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By Faris Kasim, Save the Children in Pakistan
“Many children are now afraid and show signs of behavioural change.” said one of Save the Children’s field staff who had conducted a group discussion with mothers of IDP families. “One woman said that her child is now eerily quiet while another mentioned that her children have lost their appetites.”
Children’s lives have turned upside down after being displaced from their homes in Khyber Agency since January this year. Suffering from lack of sufficient food, education and a safe environment, many children are exhibiting signs of psychological problems. Parents fear their children will never enter a school again while others are concerned that they will be forced to send their little ones to work – even six or seven-year-old boys.
Aged 14, guardian of four
Jamil is a slender 14-year-old boy. I met him at Save the Children’s health camp where he had brought his two years old brother for treatment against the flu. Jamil shared that he is now responsible for the well being of his siblings.
“There was continuous gunfire and bombing when we were leaving from Bara [town in Khyber Agency]. Someone told my father it was safer to leave at dawn but after ten minutes on the road there was a huge explosion. Three people were injured on the bus, including my father. He was bedridden for two weeks when we arrived in Peshawar. He’s better now but still cannot walk more than a few steps.”
“I am now working at a grocery store to support my family. I have four younger siblings and two are going to a government school nearby. I do not want them to leave school for work.”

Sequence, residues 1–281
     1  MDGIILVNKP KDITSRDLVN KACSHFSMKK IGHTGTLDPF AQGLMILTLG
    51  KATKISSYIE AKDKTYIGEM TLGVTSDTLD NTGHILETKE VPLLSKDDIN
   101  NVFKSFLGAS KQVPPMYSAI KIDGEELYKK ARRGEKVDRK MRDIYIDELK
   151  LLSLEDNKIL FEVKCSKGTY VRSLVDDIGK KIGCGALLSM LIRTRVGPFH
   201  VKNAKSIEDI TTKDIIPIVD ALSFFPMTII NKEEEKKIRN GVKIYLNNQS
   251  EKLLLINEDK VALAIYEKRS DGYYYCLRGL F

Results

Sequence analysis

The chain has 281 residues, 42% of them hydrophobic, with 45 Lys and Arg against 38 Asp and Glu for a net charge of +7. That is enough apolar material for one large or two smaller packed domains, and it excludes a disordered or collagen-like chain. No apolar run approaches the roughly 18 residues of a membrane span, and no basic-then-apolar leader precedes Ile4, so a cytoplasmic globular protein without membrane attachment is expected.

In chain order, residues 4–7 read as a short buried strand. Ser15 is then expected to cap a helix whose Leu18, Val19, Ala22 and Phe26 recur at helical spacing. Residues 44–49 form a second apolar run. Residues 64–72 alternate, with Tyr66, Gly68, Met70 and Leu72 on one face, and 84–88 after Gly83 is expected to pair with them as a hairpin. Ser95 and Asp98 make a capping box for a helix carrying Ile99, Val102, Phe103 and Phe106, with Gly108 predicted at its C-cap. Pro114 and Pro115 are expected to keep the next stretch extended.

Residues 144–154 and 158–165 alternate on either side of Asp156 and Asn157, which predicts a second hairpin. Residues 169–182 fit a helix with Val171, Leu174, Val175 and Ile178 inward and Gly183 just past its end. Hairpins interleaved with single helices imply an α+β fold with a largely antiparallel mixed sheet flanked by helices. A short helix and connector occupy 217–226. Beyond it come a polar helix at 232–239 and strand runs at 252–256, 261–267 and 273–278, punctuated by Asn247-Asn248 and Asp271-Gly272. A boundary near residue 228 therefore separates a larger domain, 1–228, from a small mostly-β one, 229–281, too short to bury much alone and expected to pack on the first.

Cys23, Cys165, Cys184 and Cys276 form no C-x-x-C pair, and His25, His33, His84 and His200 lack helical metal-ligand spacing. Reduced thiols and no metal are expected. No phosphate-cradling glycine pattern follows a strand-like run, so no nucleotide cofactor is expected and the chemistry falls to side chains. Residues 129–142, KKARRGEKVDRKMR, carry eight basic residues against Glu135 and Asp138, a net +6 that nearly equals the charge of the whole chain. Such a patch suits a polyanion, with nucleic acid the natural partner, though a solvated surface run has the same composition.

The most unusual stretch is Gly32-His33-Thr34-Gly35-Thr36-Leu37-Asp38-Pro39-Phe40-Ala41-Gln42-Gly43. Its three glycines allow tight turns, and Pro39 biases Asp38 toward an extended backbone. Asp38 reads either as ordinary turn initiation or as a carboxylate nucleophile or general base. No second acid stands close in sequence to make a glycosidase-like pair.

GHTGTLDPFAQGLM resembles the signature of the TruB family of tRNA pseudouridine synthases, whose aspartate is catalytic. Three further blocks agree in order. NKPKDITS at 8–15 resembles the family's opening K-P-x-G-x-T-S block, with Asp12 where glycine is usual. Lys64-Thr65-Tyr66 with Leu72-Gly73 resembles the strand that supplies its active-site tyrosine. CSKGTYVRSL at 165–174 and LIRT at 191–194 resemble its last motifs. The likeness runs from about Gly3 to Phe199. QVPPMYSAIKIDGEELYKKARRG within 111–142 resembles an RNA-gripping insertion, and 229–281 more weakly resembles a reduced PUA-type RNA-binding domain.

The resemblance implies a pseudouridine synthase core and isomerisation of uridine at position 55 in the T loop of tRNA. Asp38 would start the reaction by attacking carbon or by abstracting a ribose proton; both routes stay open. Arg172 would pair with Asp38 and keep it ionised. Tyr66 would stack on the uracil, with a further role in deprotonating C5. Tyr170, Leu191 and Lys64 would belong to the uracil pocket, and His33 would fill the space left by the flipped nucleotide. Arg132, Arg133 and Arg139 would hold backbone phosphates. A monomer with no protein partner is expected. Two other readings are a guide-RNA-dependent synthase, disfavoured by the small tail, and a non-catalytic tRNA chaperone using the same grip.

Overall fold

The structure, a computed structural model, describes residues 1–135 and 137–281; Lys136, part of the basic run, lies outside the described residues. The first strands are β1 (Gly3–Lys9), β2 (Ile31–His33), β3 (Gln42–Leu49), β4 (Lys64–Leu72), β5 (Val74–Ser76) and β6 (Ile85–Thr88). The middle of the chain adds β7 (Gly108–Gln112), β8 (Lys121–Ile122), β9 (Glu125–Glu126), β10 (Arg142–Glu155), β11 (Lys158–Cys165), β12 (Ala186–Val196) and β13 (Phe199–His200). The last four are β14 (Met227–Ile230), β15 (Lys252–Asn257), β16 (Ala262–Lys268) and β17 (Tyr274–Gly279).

Jamil himself was studying at a government school in Bara. He was a bright student and was looking forward to completing his matriculation exams.
“I want to go back to school but I don’t know when we will go back home.”
There are endless similar heartbreaking stories narrated by displaced children.
There is 10-year-old Ahmad who had seen the ruin of his school while fleeing from his village. He had also witnessed the destruction of three houses and seen dead bodies lying on the road. Ahmad belonged to a joint-family structure, where the families of four brothers lived together in a large house. Now they were all scattered and his family was living in a tattered but expensive two bedroom house outside of Peshawar.
There is eight-year-old Palwasha, whose baby cousin had lost her life when a bomb went off close to their home. She said she was laughing and playing in the morning but either the falling debris or the shock from the blast had stopped her heart.
100 years since World War I which made Eglantyne Jebb organize the first Save the Children Fund, it is sad to witness children who are still suffering from armed conflicts around the world. In Syria, Afghanistan, North Korea, Somalia and other parts of the world, no crisis spares the lives of innocent boys and girls.
The world must realize that Eglantyne Jebb was not just talking about WWI when she said: ‘I have no enemies under the age of seven’.
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